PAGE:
Candles, Christmas, Advent, Candlelight, Christmas Time

“Now the birth of Jesus the Messiah took place in this way. When his mother Mary had been engaged to Joseph, but before they lived together, she was found to be with child from the Holy Spirit. Her husband Joseph, being a righteous man and unwilling to expose her to public disgrace, planned to dismiss her quietly. But just when he had resolved to do this, an angel of the Lord appeared to him in a dream and said, ‘Joseph, son of David, do not be afraid to take Mary as your wife, for the child conceived in her is from the Holy Spirit. She will bear a son, and you are to name him Jesus, for he will save his people from their sins.’” ~ Matthew 1:18–25

Ah, the virgin birth. What a conundrum this story has caused for us in the post-postmodern world! How could a baby be born without, how should I put it, biological considerations? An act of God? Maybe. A misreading of the story? Perhaps (after all, “virgin” is probably not the best translation of the Hebrew word “almah,” which most likely simply means “young woman”). But we’re not going to focus on that so much because I think if we think in purely biological terms, then we’re going to miss the main point of the story.

To my mind, what’s at stake for us isn’t how God could possibly impregnate a woman without using sperm—that’s a rather crude way of thinking about this story—but more about how God chooses to act in the world. That is to say, whereas many of the gods throughout history used force and coercion to get their way, God doesn’t.

For instance, let’s take a look at Zeus for a second, because it’s no secret that gods like him conceiving children with mortals is no new tale. As the story goes, once upon a time Zeus impregnated a princess named Danae, against her will mind you, by streaming through a golden shower (not that kind of golden shower, perverts!). This is nothing new for him, because he has a list of rape victims a mile long (Alcmene, Callisto, Leda, and others). Zeus is not the only one making sons of gods through force, however. In the Arcadian myth, Poseidon transforms into a horse, rapes his older sister Demeter, resulting in her giving birth to a goddess named Despoina (gross, right?).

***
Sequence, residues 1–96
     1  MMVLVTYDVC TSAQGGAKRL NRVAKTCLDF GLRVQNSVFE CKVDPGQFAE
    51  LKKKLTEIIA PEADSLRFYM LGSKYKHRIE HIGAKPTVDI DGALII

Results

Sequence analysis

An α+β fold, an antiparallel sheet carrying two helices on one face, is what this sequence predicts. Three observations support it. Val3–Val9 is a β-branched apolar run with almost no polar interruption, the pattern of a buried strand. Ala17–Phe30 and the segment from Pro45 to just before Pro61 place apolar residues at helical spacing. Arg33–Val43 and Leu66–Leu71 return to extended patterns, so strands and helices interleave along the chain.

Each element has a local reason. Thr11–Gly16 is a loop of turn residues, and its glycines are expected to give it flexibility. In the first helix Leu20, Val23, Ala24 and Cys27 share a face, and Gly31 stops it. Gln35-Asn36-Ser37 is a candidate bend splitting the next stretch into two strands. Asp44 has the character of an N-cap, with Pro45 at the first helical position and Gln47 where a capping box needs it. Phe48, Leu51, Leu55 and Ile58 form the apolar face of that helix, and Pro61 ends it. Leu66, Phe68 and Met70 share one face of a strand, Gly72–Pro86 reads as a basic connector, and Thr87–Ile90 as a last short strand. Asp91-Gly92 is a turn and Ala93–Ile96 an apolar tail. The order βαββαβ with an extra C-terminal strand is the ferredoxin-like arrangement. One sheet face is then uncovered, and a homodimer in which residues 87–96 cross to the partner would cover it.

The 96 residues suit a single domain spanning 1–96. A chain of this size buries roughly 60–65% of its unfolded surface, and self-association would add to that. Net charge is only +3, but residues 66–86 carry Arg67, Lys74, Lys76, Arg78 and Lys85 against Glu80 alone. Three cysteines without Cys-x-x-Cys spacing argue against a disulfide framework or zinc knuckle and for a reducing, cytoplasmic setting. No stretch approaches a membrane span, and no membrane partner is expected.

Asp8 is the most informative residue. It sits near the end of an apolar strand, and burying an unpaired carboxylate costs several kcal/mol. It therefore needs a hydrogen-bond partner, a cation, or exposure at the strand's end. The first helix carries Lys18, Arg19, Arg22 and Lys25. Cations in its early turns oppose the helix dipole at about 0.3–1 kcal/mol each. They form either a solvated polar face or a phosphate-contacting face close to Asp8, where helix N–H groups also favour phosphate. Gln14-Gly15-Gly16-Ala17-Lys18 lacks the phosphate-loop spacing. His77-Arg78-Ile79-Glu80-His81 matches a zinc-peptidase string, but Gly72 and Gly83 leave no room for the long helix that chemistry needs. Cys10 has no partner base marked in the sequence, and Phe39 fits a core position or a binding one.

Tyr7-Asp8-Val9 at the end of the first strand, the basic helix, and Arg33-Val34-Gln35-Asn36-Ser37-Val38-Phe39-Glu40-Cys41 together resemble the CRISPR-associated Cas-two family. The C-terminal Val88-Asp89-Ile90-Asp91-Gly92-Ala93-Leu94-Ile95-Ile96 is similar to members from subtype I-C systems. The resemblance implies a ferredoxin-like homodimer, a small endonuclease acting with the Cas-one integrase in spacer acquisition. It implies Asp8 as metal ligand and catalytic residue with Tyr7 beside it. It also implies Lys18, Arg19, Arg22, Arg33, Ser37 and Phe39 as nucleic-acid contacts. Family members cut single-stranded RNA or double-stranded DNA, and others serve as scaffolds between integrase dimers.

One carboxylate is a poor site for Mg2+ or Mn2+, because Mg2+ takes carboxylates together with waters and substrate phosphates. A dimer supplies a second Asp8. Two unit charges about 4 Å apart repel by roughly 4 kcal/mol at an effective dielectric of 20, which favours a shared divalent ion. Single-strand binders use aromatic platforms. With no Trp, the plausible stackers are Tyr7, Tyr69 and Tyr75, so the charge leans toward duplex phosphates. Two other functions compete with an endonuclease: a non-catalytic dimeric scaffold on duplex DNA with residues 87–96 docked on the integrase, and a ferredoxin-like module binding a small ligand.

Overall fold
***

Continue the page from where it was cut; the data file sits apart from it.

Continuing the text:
To that end, what I’m trying to say is that we need to read the so-called virgin birth myth of Jesus as a polemic against how other gods operate in the world. Sure, gods use force and coercion to get their way, but God through the Holy Spirit operates on another level. It’s not through force but through love that Jesus is born. That’s the difference, and it’s a big one because throughout Jesus’ life, one of his main missions was to show us who and what God was like. And while the mercy and forgiveness he showed on the cross was him at his best, the birth narrative offers insights into his character as well, so long as we don’t miss the point of the story by being overly literalistic in our approach.

Another consideration for us when approaching this story is this business of Joseph being a righteous man and wanting to divorce Mary because of what he thought was infidelity. You see, Joseph, being a good Jew, “plays by the rules of sacred society,” as Paul Neuchterlein puts it.[1] In other words, this was going to be a birth that didn’t fit with what living a sacred life looked like, so Joseph wasn’t going to get down with that. Here’s the thing, though. It wasn’t supposed to. Sacred and secular were going to be blown open by this child; the rules of the game were going out the window.

We get a glimpse of this a few verses earlier, in the genealogical list. Included in list of 42 fathers, four mothers along with Mary are inserted. Why is this important? Because all four—Tamar, Rahab, Ruth, and Bathsheba—were viewed as sexually immoral vis-à-vis the sons from the line of David. Again, the rules of the game are tossed out the window because this was supposed to be a “pure” line from Abraham to Jesus. It was supposed to be a clean, straight line, but in reality, turned out to be a rather crooked one.

The take away, then, is that just because we have certain expectations about what is pure vs. what is dirty, what is sacred vs. what is secular, what is righteous vs. what is wicked, doesn’t mean that God is going to let us stay there. He’s in the business of blowing open our boxes, and does so when he incarnates himself into the world.

May we have the heart to pay attention and may we have the courage to jump outside of our sacred safe-spaces, because in all reality, there is no such thing as a sacred/secular divide.


[1] Neuchterlein, “Advent 4A,” sec. 3, para. 1.

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